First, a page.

Immigration plan draws cheers, criticism across US

AP News
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Posted: Nov 21, 2014 8:47 AM
Immigration plan draws cheers, criticism across US

Thousands of immigrant-rights activists, families and elected officials cheered across the country as President Barack Obama announced on television his plan for relief from deportations for about 5 million people.

But after the initial burst of emotion Thursday evening at hastily organized watch parties and in living rooms, many said Obama's plan was just the first step in the fight for comprehensive immigration reform. Immigrant families pointed out the plan would only cover about 5 million of the 11 million without legal status, leaving many families and individuals in limbo.

Republicans slammed the president's action as an overreach, while advocates — including Oregon Gov. John Kitzhaber and California Gov. Jerry Brown — praised Obama's plan.

Not everyone was happy with Obama's action. A couple of protesters held "no amnesty" signs outside a New York union office where supporters watched the speech.

A snapshot of reactions across the country:

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"This will definitely help our family no longer live in fear, fear that we will have to drop everything if our parents are deported. But there is still fear, because this is a temporary, and we need something permanent," said Isaura Pena, 20, of Portland, whose father and mother lack legal status.

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"This is a great day for farmworkers. It's been worth the pain and sacrifice," said Jesus Zuniga, 40, who picks tomatoes in California's Central Valley and watched the speech at a union gathering in Fresno.

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"Simply stated, you're the only singular person in this entire country that can advance or adopt meaningful immigration reform. By that very definition then, it is your singular failure alone as to why we do not yet have reform, why America continues to be at risk, and new crimes and new victims are mounting each and every day in every single state," said Sacramento County Sheriff Scott Jones, addressing the president directly in a video posted by his office Wednesday on YouTube. Jones vowed to crusade against illegal immigration after the shooting rampage last month by a Mexican man with a long criminal history who was in the country illegally.

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"They're going to have a chance to be what they want to be and get an education," said Maria Perez, 41, of Fresno, California. She is in the country legally, but she often worries about her nieces, ages 16 and 18, who aren't. With the president's speech, she feels hope that her nieces now can achieve her dreams.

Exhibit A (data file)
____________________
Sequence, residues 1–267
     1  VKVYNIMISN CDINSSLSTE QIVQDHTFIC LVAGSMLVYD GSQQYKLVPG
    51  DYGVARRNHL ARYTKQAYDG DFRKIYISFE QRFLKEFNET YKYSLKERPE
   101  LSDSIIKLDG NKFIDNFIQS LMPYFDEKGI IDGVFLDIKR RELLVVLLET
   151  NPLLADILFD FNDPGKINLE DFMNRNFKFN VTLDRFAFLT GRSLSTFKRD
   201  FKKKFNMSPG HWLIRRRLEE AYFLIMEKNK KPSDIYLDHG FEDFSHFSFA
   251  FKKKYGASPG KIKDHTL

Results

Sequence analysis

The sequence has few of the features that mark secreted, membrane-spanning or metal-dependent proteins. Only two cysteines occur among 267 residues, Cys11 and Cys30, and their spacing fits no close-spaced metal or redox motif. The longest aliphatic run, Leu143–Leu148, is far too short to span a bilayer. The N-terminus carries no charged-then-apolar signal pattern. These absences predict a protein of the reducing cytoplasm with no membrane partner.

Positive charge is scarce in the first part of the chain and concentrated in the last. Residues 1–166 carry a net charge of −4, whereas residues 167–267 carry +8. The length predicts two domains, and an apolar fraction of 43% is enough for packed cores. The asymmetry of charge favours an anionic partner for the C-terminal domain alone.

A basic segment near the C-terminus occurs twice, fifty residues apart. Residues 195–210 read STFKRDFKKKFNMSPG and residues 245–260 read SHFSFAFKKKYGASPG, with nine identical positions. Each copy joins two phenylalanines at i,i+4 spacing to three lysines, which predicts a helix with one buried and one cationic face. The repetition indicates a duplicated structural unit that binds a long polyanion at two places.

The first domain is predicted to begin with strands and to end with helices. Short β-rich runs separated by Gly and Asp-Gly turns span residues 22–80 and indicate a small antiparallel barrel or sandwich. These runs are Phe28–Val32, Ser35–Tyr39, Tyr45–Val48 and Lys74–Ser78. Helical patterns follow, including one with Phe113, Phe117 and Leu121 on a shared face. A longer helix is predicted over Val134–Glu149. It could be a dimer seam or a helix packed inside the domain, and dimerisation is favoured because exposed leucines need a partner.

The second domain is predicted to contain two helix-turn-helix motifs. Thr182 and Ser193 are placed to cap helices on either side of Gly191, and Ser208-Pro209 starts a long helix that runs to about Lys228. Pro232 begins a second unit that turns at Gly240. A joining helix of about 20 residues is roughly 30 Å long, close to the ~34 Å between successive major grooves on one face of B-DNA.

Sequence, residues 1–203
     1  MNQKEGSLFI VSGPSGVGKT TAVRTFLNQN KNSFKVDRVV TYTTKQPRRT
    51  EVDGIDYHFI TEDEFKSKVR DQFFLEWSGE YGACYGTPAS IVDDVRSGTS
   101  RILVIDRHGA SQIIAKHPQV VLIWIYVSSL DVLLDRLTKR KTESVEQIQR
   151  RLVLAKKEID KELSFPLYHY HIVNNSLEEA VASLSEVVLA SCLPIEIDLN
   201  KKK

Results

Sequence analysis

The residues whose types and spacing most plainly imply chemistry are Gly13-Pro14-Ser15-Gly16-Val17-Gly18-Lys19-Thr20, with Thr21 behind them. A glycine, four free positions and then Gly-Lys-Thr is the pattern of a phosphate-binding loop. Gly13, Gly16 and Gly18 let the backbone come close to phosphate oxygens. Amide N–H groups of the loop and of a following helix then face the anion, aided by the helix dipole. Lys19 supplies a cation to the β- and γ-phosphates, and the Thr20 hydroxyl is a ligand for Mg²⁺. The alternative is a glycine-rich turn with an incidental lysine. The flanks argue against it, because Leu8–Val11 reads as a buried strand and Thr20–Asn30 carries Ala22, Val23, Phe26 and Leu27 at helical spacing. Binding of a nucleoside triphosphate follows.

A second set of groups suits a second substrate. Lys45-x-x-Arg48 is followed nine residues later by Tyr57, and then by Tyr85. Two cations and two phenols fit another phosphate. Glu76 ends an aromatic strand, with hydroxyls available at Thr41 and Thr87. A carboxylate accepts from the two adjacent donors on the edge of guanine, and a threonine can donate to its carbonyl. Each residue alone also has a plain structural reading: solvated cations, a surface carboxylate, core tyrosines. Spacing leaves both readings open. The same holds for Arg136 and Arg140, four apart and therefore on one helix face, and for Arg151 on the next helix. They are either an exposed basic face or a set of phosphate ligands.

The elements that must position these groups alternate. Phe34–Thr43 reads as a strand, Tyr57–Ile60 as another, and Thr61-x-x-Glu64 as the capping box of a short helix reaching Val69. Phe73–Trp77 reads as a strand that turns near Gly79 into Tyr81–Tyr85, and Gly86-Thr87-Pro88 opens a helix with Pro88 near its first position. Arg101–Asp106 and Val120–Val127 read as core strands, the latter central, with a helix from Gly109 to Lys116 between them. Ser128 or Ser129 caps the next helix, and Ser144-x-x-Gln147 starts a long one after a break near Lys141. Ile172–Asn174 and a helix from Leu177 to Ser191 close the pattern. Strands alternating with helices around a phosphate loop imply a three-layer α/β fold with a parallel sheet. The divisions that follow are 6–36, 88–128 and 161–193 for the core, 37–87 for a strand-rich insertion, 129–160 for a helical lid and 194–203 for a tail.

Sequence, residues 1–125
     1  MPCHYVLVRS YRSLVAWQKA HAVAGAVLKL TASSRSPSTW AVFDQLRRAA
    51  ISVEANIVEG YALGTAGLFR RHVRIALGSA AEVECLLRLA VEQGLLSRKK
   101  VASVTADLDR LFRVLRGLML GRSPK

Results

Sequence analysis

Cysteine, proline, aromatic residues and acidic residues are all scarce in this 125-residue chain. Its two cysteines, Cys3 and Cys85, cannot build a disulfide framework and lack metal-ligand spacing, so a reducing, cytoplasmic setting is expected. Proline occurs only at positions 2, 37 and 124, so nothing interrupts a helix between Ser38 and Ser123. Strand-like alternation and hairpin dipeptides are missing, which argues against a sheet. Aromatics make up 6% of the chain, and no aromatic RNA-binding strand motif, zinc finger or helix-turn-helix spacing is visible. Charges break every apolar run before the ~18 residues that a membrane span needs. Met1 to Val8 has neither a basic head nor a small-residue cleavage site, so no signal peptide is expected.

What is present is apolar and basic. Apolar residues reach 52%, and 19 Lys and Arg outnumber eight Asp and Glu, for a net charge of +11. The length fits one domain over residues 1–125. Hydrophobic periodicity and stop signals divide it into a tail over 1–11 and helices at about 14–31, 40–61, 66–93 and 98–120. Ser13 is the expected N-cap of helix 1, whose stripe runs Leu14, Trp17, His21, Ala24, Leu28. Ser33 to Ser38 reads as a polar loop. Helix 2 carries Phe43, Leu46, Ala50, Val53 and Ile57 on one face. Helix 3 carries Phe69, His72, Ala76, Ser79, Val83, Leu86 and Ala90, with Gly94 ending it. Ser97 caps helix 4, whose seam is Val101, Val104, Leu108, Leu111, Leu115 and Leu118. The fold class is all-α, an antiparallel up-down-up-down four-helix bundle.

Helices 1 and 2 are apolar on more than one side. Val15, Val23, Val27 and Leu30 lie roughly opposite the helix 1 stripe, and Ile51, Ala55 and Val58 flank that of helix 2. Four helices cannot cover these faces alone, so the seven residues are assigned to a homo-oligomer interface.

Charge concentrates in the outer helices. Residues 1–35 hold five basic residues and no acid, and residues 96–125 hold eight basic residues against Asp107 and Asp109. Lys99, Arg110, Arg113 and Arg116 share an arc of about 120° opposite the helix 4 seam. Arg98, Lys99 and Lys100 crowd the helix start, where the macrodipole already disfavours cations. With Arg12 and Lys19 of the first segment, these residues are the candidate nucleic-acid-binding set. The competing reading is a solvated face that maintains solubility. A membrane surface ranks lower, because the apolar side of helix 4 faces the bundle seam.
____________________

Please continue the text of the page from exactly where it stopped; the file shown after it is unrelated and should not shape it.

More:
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"I believe that is a good step forward, but again I look at the other side and I believe he is maybe acting too rash. I don't know why he is doing it without the consent of Congress. ... I think that is creating too much dissension in Congress where it is already, and I don't know if that is necessarily a good thing. I think for a lot of people — especially those who are here undocumented — it is great, but at some point we have to draw the line," said community activist Bob Hernandez of Wichita, Kansas.

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"I don't think it helps because it's going to create friction with the new Congress that's Republican. While I think it's probably the wrong thing for him to do, there's a possibility it starts a dialogue and pushes the Republicans to move more quickly," Overstock.com board chairman Jonathan Johnson said at his company's Salt Lake City, Utah, headquarters.

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"I am a mother of Dreamers (the children who benefited from Obama's Deferred Action on Childhood Arrivals program.) They are not citizens. It was a great disappointment to hear I won't benefit from it. It's bland. He gave us a little taste but it had no taste," said Rosa Mejia, an immigrant in El Paso, Texas, who has been living in the US since 1999.

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Abel Rodriguez, of Phoenix, said Obama's proposal could mean that he and his wife would be able to visit their family in Mexico without fear of not being able to return to the U.S. or getting separated from their daughters. "I have not seen my family for 10 years. I have two grandsons that I don't see," Rodriguez said.

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"We have a lot of unemployed Americans right now, and I don't understand why unemployed Americans can't be hired to do the jobs these illegals are doing," said John Wilson, who works in contract management in New York City.

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"This is not a partisan issue. When the bluest of blue states — like Oregon, for example — vote overwhelmingly to prohibit illegal aliens from obtaining drivers licenses, it speaks volumes about the widespread lack of support for President Obama's immigration policies. The American people have spoken, and time and again they have been ignored," Arizona Gov. Jan Brewer said.